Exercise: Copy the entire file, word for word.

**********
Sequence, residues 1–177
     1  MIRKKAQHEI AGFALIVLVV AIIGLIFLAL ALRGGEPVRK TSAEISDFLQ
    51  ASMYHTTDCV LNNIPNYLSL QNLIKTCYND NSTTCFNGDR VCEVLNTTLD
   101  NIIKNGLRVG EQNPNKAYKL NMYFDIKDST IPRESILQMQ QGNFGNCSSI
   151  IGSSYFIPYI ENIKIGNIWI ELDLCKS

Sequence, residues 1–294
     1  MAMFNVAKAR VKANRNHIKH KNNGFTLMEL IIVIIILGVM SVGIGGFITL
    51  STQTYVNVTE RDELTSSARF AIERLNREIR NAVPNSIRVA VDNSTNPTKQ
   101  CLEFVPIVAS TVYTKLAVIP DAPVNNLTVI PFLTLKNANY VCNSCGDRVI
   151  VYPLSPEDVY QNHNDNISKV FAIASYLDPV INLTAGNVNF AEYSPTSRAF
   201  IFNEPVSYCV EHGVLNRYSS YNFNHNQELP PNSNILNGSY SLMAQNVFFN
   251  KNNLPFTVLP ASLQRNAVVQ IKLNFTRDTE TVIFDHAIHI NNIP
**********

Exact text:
Sequence, residues 1–177
     1  MIRKKAQHEI AGFALIVLVV AIIGLIFLAL ALRGGEPVRK TSAEISDFLQ
    51  ASMYHTTDCV LNNIPNYLSL QNLIKTCYND NSTTCFNGDR VCEVLNTTLD
   101  NIIKNGLRVG EQNPNKAYKL NMYFDIKDST IPRESILQMQ QGNFGNCSSI
   151  IGSSYFIPYI ENIKIGNIWI ELDLCKS

Sequence, residues 1–294
     1  MAMFNVAKAR VKANRNHIKH KNNGFTLMEL IIVIIILGVM SVGIGGFITL
    51  STQTYVNVTE RDELTSSARF AIERLNREIR NAVPNSIRVA VDNSTNPTKQ
   101  CLEFVPIVAS TVYTKLAVIP DAPVNNLTVI PFLTLKNANY VCNSCGDRVI
   151  VYPLSPEDVY QNHNDNISKV FAIASYLDPV INLTAGNVNF AEYSPTSRAF
   201  IFNEPVSYCV EHGVLNRYSS YNFNHNQELP PNSNILNGSY SLMAQNVFFN
   251  KNNLPFTVLP ASLQRNAVVQ IKLNFTRDTE TVIFDHAIHI NNIP